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My Hebrew-school kindergarten class spent weeks learning to sing the Ma nishtanah–the Four Questions–for the Passover seder. We sounded out the Hebrew lyrics phonetically in piping little voices, memorizing them with un-childlike desperation. Our teachers didn’t bother explaining the meaning of the words, they just prepared us to stand up in front of our families and sing the only solo of the seder night. The foreign chunks of sound gave up no hint of their meaning. I made up associations for each section to help me remember—I knew what a mnemonic was before I knew the word.

Ma nish tah nah ha lilah hazeh, mi kol halelot?

The youngest child at the seder sings the questions. They call out: Why is this night different from the others? On all other nights we eat all kinds of bread. On all other nights we eat all types of vegetables. On all other nights we don’t dip our food. On all other nights we sit at the table.

It’s a plaintive song: it’s a single small cry for an explanation.

Sheb’khol haleilot anu okhlin sh’ar y’rakot; halailah hazeh, maror.

My voice always trembled when I sang it. I stood on a chair at the table in a black velvet dress with lace at the throat. I rushed the repetitions, losing the rhythm, trying to make it to the end of the song before the meaningless sounds started to jumble in my head.

Sheb’khol haleilot ein anu matbilin afilu pa’am ehat; halailah hazeh, shtei f’amim.

My family sang the answers back to me at the end of each line, swallowing my voice, letting me take a shaky breath.

On this night we eat only matzah. On this night we eat only bitter herbs. On this night we dip our food twice. On this night we recline at the table.

(These aren’t really answers. They’re descriptions—yes, we’re eating matzah, but why? The explanations come later in the seder, in the form symbolic foods and Talmudic arguing. We eat bitter herbs to represent the bitterness of our slavery in Egypt. We dip into salt water to represent our tears. But who wants to sing that back to a child?)

Sheb’khol haleilot anu okhlin bein yoshvin uvein m’subin; halailah hazeh, kulanu m’subin.

When I was small, the sound of my family’s singing washed over me. Ten or twenty voices, some tinged with Yiddish lilt, some drawling from Long Island, Queens, New Jersey. Voices tinny and husky, teenager-broken, speak-singing, or smoker-strangled; most of us off-key and happily flat, except for my grandmother, who flew high above in a pale, fluttering trill.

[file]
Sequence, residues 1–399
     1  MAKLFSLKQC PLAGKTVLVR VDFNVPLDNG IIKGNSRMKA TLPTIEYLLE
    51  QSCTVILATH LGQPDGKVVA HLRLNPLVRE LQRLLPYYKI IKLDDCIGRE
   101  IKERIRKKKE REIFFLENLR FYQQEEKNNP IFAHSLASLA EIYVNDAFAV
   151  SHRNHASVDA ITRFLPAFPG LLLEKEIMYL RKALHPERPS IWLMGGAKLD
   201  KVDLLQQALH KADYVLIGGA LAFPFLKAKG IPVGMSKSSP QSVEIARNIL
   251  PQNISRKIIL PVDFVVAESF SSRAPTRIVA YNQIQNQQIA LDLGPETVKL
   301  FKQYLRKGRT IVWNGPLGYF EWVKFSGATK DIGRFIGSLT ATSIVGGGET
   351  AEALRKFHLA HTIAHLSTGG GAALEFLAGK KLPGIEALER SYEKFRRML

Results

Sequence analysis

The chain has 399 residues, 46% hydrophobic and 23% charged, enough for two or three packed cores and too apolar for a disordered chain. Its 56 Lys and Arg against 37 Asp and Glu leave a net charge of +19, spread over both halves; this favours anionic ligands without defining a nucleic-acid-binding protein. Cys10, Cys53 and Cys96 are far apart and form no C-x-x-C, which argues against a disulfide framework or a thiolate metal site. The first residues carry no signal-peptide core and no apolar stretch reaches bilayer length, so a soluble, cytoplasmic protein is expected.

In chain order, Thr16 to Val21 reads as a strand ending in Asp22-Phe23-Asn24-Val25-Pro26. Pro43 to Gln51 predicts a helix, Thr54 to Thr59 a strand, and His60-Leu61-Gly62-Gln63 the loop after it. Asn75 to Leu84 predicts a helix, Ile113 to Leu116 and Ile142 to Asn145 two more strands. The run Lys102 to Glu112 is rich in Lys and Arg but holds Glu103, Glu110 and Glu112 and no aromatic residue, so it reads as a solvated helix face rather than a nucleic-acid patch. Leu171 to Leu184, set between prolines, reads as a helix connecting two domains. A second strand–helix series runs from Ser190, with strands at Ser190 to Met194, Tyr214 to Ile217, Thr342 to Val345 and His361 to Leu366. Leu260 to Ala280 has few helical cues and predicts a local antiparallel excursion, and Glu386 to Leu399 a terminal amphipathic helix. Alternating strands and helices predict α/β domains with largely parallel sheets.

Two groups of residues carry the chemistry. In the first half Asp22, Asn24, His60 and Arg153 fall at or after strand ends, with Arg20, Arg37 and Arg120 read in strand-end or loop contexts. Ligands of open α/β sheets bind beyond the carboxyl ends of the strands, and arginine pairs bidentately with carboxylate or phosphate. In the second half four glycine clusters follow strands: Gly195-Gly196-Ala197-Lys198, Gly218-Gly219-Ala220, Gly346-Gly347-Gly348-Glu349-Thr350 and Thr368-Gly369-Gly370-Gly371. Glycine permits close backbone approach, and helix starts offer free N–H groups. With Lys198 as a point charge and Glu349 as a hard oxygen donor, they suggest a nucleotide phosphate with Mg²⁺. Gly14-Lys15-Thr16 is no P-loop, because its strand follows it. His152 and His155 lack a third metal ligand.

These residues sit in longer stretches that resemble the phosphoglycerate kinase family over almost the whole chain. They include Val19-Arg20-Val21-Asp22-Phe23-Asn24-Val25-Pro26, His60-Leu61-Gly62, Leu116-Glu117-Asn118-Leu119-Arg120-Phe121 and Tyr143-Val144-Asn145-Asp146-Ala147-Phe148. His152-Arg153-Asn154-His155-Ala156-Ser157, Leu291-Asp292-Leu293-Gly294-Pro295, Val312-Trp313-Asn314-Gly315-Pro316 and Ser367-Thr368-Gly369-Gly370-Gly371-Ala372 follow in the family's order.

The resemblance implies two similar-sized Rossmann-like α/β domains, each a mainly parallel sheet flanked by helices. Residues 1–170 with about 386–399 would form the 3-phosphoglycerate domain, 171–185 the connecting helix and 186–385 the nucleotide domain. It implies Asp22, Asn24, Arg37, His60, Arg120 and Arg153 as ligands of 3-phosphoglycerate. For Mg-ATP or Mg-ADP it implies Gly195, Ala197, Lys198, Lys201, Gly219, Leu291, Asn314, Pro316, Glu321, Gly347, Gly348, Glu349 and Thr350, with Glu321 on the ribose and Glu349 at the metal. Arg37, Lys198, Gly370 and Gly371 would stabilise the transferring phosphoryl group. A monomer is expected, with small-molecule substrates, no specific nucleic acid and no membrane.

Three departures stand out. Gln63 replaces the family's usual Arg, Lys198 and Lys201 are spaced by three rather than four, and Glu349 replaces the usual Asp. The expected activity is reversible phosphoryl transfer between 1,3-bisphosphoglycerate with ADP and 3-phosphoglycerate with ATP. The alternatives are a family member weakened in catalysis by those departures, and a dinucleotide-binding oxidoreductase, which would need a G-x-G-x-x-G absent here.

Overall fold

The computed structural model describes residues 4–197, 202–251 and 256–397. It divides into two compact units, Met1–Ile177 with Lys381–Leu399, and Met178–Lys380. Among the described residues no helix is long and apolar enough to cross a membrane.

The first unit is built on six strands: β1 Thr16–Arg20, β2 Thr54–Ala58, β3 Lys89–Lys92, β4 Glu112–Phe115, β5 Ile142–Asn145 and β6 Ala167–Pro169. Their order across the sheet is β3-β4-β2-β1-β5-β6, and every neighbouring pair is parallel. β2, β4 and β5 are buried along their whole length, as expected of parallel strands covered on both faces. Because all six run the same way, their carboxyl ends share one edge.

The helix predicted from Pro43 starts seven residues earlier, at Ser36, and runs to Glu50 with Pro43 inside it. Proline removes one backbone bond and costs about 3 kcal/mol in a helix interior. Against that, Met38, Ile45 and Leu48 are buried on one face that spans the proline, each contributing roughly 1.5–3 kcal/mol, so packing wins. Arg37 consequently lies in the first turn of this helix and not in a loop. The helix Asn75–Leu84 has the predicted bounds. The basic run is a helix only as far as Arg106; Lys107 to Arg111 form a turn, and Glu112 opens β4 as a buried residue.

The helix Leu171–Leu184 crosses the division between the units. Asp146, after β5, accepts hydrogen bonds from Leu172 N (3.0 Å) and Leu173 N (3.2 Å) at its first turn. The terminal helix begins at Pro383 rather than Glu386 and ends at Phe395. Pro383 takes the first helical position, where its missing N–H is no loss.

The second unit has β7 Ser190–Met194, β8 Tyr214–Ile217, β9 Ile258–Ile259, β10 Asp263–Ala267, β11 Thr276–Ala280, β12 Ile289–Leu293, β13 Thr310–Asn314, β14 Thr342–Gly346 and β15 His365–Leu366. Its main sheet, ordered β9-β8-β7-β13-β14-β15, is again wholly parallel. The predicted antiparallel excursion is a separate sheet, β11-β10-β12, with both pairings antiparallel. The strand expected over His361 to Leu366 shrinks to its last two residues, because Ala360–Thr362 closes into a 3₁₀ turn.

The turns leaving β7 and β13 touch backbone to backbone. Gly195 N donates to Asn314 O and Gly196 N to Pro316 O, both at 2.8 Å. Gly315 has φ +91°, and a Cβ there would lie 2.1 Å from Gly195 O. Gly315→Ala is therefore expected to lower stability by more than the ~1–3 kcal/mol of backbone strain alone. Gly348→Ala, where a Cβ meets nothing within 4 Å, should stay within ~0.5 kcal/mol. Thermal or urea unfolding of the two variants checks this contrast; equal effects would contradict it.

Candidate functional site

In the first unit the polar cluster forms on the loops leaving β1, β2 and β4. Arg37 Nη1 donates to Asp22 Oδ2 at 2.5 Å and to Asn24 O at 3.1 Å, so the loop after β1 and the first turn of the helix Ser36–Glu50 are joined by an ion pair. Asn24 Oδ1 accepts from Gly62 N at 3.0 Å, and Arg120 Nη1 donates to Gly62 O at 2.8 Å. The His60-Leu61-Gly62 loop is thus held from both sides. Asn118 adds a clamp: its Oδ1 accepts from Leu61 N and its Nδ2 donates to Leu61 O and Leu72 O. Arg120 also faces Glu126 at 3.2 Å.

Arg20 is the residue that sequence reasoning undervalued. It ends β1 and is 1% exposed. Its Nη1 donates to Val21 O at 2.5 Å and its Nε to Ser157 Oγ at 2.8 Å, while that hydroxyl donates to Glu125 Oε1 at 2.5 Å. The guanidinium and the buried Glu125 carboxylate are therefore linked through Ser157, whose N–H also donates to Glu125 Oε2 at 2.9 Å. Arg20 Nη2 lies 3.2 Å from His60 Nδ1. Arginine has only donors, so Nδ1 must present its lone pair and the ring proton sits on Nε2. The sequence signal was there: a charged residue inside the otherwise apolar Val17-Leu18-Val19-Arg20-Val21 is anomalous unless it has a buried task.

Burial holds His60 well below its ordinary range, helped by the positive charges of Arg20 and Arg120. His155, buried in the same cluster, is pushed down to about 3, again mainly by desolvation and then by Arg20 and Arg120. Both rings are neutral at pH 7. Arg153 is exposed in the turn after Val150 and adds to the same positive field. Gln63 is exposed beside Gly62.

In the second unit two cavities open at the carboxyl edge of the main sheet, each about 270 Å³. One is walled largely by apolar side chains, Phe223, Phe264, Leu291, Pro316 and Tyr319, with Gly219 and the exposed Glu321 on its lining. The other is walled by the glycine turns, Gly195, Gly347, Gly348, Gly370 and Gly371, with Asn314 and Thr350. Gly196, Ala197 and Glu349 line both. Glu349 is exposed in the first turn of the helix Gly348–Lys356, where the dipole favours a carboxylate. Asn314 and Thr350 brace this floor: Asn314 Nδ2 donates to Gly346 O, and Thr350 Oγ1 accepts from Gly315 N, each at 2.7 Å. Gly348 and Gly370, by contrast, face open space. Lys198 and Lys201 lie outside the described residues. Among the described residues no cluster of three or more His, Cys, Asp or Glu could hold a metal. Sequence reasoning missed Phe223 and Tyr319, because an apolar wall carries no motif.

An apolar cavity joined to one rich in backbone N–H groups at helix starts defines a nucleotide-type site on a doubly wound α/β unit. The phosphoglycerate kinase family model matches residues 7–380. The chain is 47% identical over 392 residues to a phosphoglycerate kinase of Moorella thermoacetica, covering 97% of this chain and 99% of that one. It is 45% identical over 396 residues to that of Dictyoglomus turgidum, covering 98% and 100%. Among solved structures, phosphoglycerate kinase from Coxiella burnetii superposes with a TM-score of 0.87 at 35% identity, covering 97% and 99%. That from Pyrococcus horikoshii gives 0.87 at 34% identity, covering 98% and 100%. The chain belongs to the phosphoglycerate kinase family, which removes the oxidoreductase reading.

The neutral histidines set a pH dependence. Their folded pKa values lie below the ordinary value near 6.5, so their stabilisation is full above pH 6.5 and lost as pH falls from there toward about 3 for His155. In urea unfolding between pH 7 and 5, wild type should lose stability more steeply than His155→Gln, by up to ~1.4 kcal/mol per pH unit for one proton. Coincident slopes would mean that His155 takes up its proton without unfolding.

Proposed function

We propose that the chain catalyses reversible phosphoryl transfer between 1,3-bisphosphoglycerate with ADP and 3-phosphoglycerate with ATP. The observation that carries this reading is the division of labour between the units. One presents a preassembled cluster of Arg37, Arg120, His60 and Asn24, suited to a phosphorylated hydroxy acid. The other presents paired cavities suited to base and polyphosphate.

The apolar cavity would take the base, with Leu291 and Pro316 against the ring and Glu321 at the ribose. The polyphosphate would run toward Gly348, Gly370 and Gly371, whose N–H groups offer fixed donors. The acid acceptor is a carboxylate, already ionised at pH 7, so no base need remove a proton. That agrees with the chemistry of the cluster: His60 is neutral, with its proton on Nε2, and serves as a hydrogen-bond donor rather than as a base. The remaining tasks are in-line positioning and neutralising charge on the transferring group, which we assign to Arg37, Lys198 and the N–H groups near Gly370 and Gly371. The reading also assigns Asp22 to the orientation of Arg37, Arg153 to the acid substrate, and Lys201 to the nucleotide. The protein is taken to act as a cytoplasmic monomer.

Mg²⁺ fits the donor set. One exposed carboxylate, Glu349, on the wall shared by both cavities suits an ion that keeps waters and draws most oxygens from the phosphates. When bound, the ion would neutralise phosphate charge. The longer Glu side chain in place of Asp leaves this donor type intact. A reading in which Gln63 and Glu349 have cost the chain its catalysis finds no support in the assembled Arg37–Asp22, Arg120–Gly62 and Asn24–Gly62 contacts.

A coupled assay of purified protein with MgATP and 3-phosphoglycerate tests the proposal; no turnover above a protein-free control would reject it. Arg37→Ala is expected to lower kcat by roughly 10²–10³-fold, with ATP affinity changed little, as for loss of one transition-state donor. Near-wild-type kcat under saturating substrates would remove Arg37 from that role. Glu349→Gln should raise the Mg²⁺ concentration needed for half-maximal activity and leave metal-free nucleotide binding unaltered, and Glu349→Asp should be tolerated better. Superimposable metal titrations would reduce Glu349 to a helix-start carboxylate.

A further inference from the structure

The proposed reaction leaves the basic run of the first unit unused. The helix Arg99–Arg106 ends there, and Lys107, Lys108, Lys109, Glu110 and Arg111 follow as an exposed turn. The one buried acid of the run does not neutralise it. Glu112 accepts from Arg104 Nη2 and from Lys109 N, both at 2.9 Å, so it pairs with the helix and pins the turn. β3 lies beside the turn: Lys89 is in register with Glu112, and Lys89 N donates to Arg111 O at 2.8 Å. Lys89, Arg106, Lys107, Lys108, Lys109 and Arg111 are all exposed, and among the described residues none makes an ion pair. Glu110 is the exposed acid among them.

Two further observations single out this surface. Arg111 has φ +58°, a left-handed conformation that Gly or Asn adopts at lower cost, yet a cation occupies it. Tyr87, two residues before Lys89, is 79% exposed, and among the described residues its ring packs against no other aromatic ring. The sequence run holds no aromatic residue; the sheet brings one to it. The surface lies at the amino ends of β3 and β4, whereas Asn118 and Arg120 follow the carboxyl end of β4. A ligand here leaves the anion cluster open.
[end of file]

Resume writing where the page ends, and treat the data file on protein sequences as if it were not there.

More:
Each year I asked, and each year was answered with not-quite-answers.


At the beginning of the seder, the leader blesses a piece of matzah and lays it aside. This becomes the afikomen—’dessert’—and is eaten later. The seder can’t be finished without it. Which is why someone’s got to steal it, hide it, and ransom it. In my family, the children do the filching and the adults go looking. If they can’t find it, they buy it back with money or gifts to end the seder.

(My current hiding spot involves a plastic bag, some tape, and submersion. More, I can’t say.)

When my Zayde was head of the seder, he only ever pretended to look. He mimed a swipe at the couch cushions. Toed the curtains. Opened the freezer. My cousins and sister and I tailed after him, snickering, shushing each other, trying not to give it away. Soon, he’d give up, and get down to haggling. The invisible mantle of his forefathers—kosher butchers from small-town Poland—descended upon him, and the wiry brows would lower in mock sternness.

“Fifty cents each,” he’d intone.

“No way!” we’d giggle.

“Not a dollar. I couldn’t.”

“Yes, you could!”

“Oy vey ist mir, and I’m made of money? Lilly, these kids, they’ll bankrupt me!”

Back and forth we’d go, with more giggling than haggling, until we each got our little prize.

The license to sneak and steal was my favorite part of the afikomen. I’d like to think that making us laugh was Zayde’s.


Brooklyn, the 1970s, long before I enter the picture.

My sister and her cousins are at a seder in an apartment building. They’ve just stolen the afikomen, and the adults are hunting. Clustered in a bedroom, the kids can’t decide where to hide it. The parents start down the hallway, coming closer. There’s no good hiding spot. Where? The adults are closing in. Where? Where? Hide it, hide it, hide it! Just as the door opens, the littlest cousin panics. She snatches the matzah, bursts into tears, and throws it out the window.